The Singapore Management University (SMU) is linking up with eight companies to co-deliver courses that will help upskill people keen to make a career change.
The initiative under the SGUnited Skills programme is targeted at professionals, managers and executives (PMEs), and aims to meet the needs of small and medium-sized enterprises (SMEs) in particular.
It will equip them with business management, digital and internationalisation skills to enable them to switch to new careers and roles.
The eight firms will provide projects, mentorship and potential job opportunities for trainees.
Some of the topics to be covered in training include business and environmental sustainability, innovation and digital transformation.
Trainees will attend classes at SMU for six months, and then get hands-on training at the companies for another three months.
A memorandum of understanding was signed between the uni-versity, the eight companies and SkillsFuture Singapore (SSG) at a forum yesterday that focused on how businesses and the work-force can be reshaped amid the Covid-19 pandemic.
The event, which was organised by SSG and supported by The Business Times and The Straits Times, was held in a hybrid format, with a number of participants at the Lifelong Learning Institute in Paya Lebar, while others attended via teleconference.
The SGUnited Skills programme, which is tailored for people looking to upgrade their skills while job hunting, is a full-time one ranging from six to 12 months.
Course fees are heavily subsidised, with trainees also receiving a monthly allowance of $1,200 for the duration of the programme.
SSG said about 1,300 people have signed up for courses under the SGUnited Skills programme, with over 5,000 places still available across more than 100 courses.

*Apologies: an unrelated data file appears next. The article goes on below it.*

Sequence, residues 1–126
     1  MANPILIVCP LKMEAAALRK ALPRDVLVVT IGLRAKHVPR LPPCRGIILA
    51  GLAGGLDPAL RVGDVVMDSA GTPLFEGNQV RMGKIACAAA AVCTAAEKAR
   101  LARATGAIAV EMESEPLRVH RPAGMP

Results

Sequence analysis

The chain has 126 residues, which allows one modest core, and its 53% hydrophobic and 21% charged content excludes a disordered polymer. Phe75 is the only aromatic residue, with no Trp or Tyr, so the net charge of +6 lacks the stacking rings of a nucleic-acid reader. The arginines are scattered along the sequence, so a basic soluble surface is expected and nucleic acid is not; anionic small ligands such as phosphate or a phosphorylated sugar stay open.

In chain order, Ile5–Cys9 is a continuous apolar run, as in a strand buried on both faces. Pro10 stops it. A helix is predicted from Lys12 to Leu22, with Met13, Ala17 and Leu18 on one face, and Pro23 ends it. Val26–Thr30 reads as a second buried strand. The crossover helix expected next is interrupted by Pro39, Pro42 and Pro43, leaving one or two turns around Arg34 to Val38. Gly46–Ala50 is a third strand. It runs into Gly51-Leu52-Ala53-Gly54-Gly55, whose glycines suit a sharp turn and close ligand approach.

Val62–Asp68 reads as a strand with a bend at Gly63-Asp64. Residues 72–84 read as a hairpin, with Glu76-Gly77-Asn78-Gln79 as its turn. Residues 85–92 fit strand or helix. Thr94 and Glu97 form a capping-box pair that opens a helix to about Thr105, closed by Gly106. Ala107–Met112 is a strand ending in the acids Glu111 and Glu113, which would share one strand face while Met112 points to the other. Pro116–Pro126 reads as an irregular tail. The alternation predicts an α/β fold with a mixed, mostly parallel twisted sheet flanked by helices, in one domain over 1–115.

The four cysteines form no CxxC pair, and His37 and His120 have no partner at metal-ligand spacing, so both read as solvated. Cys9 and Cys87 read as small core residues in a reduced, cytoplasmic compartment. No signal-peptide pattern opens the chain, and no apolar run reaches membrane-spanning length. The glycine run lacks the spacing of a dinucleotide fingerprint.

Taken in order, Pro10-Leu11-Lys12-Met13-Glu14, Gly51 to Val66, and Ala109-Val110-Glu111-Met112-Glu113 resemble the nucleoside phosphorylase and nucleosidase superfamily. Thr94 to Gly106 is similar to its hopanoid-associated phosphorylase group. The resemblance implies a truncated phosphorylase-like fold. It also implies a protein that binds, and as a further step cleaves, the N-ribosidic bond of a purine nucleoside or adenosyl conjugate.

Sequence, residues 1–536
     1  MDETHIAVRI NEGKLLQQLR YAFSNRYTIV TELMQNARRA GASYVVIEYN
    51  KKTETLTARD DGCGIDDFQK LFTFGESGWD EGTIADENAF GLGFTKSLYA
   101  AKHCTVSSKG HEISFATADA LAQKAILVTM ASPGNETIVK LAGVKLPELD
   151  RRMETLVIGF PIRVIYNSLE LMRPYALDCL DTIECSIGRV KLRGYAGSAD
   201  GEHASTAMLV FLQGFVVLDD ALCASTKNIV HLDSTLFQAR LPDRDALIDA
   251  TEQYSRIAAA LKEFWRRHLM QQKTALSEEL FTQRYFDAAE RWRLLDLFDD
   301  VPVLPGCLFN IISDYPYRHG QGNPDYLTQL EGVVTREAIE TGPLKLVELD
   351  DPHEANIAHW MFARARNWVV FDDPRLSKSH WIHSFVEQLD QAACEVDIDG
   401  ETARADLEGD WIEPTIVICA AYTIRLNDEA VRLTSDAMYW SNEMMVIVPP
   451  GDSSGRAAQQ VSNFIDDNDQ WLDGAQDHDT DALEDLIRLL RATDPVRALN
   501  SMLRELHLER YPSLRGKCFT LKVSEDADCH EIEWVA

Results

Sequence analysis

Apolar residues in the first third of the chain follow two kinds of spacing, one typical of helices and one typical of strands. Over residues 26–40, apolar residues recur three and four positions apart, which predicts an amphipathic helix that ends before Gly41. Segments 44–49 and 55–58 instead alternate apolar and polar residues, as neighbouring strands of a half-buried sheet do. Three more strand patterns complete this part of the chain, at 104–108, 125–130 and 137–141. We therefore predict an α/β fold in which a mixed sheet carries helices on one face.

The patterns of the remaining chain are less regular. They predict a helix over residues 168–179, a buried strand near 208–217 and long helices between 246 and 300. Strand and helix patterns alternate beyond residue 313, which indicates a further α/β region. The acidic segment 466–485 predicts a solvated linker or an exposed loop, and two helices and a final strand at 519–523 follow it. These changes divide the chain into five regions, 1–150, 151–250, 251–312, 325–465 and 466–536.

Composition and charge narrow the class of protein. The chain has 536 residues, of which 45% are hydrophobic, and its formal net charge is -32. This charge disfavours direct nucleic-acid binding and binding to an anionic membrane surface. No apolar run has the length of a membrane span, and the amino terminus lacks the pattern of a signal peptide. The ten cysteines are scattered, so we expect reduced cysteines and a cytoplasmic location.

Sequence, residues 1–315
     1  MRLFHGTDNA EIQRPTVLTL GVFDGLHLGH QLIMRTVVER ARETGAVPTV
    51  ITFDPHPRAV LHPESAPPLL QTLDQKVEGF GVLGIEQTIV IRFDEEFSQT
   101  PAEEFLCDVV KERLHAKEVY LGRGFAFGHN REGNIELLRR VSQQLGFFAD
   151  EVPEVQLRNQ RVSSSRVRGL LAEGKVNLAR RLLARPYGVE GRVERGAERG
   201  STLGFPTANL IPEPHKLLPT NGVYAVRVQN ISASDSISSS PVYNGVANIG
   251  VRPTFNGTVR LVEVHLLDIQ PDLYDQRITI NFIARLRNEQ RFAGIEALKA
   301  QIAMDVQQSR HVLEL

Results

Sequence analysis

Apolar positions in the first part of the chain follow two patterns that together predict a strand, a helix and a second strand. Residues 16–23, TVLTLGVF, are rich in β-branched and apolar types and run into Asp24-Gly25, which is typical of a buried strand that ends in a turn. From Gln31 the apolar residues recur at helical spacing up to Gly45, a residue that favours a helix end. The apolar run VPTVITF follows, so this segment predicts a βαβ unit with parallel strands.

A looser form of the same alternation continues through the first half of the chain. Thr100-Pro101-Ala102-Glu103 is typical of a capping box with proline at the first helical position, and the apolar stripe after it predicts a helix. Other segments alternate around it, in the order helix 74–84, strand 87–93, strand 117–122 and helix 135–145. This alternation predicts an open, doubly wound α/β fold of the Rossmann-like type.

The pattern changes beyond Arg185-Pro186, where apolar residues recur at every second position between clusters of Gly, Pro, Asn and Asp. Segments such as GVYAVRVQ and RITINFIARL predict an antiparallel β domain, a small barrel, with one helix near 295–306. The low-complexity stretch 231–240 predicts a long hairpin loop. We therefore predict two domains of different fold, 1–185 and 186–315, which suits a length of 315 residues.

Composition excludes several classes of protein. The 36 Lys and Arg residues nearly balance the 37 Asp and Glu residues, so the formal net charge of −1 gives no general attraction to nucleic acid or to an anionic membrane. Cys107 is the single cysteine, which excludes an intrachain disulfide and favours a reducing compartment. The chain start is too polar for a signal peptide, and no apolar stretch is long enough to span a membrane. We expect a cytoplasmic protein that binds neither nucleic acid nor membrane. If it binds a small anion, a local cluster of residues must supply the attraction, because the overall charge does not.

Education Minister Ong Ye Kung said at the forum: "We want to target groups that are more vulnerable, that need our help, need that six to 12 months re-tooling at this stage of their career, in this current situation.
"Mid-career, mature PMETs are one of the most vulnerable groups. The coming months will not be smooth sailing. Workers and companies will need to adjust, adapt, build new capabilities and seek out new opportunities."
Ms Novelle Lim, deputy chief executive of Thong Siek Food Industry, one of the eight firms in the SMU programme, said her company is looking into digital marketing and data analytics.
"The programme covers a lot, mainly on digital technologies - artificial intelligence, e-commerce, digital marketing and data analytics. I think it is very powerful," she said.
Mining and trading firm Top International Holding hopes the programme will pave the way for more mid-career workers to join its relatively young team.
Its chief executive Victor Tan said: "The average age of employees in my company is about 30 to 35. So, I am hoping that the experienced (workers) who join us will share their wisdom with the energetic young team we have."
The forum is part of this year's SkillsFuture Month, which started yesterday and will run until Aug 16.
A series of mostly virtual events will be organised to cater to Singaporeans at different stages of their career and life. There will be training opportunities for job seekers, especially mid-career ones who have been affected by the economic impact of Covid-19.
Organised by SSG and various partners, SkillsFuture Month 2020 supports the efforts of the National Jobs Council.
More than 80 community, education and industry partners are participating in SkillsFuture Month, which is expected to reach more than 15,000 learners.
A series of events designed to meet the needs of different workforce segments have been lined up, including live webinars, online classes and workshops, and virtual exhibitions.
SSG chief executive Ong Tze-Ch'in said: "I hope that the series of SkillsFuture Month activities, both virtual and physical... will allow more Singaporeans to discover new opportunities, explore available resources and continue their individual lifelong learning journeys, even amid these challenging times."